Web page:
URLs for Page tagging in Adopt

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This article explains how URL syntax is used for creating rules in Page tagging. It includes examples and guidance on how to edit Page tagging rules. For an overview of Page tagging, see Tagging and viewing Pages in Adopt.

URL syntax


Pendo follows standard Web URL syntax rules for tagging Pages. A URL has several parts. The main parts of a URL are the communication protocol, the subdomain, the domain or hostname, and the path. For example, the following URL, https://www.example.com/category/user/profile.html, is constructed as follows:

URL syntax Description
https:// The communication protocol or scheme that the browser must use to access a website.
www. The subdomain. This groups different parts of a website that share a domain. This doesn't have to be www.. It could, for example, be app., as in https://app.example.com.

The domain name. This consists of two parts: the second-level domain (example) and the top-level domain (.com). These are often combined and referenced together for simplicity.

Pendo defaults to hiding your domain with a wildcard (*). This is because you might have Pendo installed in multiple environments (staging, testing, and prod) and the wildcard helps you to avoid tagging everything again in each environment.


The path to the resource on the Web server. Everything after the domain is the path. This identifies certain content or folders in the domain. In this example:

  • category is a subfolder, sometimes called a subdirectory, similar to a folder on your computer.
  • profile.html is a page. This is an endpoint with content. It can have different extensions for different file types or simply end with a forward slash.

In most cases, the path is case-sensitive, and so we recommend that you capture case syntax for tagged Pages in Pendo.


URLs can be more or less complicated than this. See the examples below.

Fragment example

A fragment is an internal page reference, sometimes called a named anchor, referring to a section within a webpage. A fragment usually appears at the end of a URL and begins with a hashtag (#) followed by an identifier. For example, the following URL, https://www.example.com#someHeader, includes the following parts:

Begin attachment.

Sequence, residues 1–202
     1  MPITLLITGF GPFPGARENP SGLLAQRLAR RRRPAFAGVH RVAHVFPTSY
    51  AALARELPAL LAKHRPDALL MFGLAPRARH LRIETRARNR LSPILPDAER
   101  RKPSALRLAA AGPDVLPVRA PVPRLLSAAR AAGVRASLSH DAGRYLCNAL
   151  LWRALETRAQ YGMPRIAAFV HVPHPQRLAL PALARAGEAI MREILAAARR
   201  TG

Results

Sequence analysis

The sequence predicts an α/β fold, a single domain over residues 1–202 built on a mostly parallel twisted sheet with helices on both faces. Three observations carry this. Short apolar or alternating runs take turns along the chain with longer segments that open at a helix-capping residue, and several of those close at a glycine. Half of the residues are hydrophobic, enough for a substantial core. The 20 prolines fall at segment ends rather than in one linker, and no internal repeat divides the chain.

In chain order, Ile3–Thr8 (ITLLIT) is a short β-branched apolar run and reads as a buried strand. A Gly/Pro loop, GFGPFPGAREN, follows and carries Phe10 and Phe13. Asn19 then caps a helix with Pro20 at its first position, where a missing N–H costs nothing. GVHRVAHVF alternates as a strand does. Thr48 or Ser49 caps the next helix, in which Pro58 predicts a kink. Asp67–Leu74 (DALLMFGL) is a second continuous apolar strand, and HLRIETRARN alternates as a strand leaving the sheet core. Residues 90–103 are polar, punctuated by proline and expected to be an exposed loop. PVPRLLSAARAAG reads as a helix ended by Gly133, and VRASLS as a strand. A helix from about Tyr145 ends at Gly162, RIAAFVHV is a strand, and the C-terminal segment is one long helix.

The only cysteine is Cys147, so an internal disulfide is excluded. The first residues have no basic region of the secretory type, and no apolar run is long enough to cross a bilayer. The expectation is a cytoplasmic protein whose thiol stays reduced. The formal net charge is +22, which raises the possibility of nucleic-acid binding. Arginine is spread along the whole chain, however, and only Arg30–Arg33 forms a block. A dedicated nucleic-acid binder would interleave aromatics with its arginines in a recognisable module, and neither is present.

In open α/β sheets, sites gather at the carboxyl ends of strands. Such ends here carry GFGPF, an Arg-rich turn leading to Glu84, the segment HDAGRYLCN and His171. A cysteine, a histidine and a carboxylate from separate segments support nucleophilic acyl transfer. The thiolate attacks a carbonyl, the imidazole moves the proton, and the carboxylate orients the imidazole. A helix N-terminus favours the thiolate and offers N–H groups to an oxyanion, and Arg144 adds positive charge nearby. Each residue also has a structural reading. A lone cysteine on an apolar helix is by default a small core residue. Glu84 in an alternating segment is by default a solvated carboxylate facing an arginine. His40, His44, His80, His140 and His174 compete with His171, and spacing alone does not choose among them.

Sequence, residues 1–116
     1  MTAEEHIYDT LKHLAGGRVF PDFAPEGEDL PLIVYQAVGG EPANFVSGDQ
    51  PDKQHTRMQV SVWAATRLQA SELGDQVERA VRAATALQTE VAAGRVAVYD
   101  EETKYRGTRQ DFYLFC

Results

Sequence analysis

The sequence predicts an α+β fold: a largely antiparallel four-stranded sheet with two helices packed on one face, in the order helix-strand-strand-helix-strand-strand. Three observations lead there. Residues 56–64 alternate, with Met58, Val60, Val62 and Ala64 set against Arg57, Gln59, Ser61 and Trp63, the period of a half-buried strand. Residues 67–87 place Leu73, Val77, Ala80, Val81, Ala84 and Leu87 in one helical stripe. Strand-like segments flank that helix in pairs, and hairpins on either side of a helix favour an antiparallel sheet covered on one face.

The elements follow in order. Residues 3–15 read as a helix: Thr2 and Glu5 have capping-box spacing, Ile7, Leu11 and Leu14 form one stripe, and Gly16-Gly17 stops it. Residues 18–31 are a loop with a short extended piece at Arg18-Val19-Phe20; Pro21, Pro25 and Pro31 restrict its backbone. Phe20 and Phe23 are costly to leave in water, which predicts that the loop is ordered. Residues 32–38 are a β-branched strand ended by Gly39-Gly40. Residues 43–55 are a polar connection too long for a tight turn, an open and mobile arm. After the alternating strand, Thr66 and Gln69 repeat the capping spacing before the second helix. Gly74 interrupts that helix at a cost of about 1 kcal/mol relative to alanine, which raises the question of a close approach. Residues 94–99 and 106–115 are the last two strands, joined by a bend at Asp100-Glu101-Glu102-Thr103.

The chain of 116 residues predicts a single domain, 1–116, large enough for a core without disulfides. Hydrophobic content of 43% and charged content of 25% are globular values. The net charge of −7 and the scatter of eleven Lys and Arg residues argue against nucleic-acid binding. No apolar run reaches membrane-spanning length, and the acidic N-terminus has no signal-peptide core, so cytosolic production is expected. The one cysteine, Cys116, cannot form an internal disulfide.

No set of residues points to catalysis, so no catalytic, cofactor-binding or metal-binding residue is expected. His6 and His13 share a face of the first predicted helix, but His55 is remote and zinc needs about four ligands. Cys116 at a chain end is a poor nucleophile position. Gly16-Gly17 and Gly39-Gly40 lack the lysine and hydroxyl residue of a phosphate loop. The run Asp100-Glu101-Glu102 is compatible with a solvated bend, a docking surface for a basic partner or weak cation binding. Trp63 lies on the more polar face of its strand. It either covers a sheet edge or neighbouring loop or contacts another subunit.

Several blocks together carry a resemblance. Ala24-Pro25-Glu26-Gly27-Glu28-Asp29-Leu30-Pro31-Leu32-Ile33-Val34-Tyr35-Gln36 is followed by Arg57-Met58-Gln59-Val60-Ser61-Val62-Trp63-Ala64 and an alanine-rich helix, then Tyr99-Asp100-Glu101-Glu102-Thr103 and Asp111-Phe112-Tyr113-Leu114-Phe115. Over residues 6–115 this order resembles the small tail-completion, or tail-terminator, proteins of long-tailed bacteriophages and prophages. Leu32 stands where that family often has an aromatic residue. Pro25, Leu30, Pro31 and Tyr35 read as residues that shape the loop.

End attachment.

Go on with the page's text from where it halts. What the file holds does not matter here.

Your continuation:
• https:// is the communication protocol.

  • www.is the subdomain.

  • example.com is the domain.

  • #someHeader is the fragment.

Path fragment example

A path fragment is an internal page reference that is used as routing for the Web framework technology of the website. A path fragment usually appears at the end of a URL and begins with a hashtag (#) followed by an identifier. For example, the following URL, https://www.example.com#products/widgets/12345, includes the following parts:

  • https:// is the communication protocol.

  • www.is the subdomain.

  • example.com is the domain.

  • #products/widgets/12345 is the path fragment.

Query parameter example

Query parameters define specific content or actions based on the data passed at the end of the URL. Query parameters usually appear at the end of a URL and begin with a question mark (?) followed by a query parameter. For example, the following URL, https://www.example.com?products=widgets, includes the following parts:

  • https:// is the communication protocol.

  • www.is the subdomain.

  • example.com is the domain.

  • ?products=widgets is the query parameter, which is a key-value pair.

If you have more than one query parameter in the string that follows the question mark (?), key-value pairs are typically separated by an ampersand (&). For example: ?products=widgets&source=browser-search.

Path fragment query parameter example

You can have a combination of paths, fragments, and query parameters at the end of a URL. For example, the following URL, https://www.example.com/#products/widgets?item=12345 , includes the following parts:

  • https:// is the communication protocol.

  • www.is the subdomain.

  • example.com is the domain.

  • #products=widgets is a path fragment used for web framework routing.

  • ?item=12345 is a path fragment query parameter, which is a key-value pair.

URL syntax examples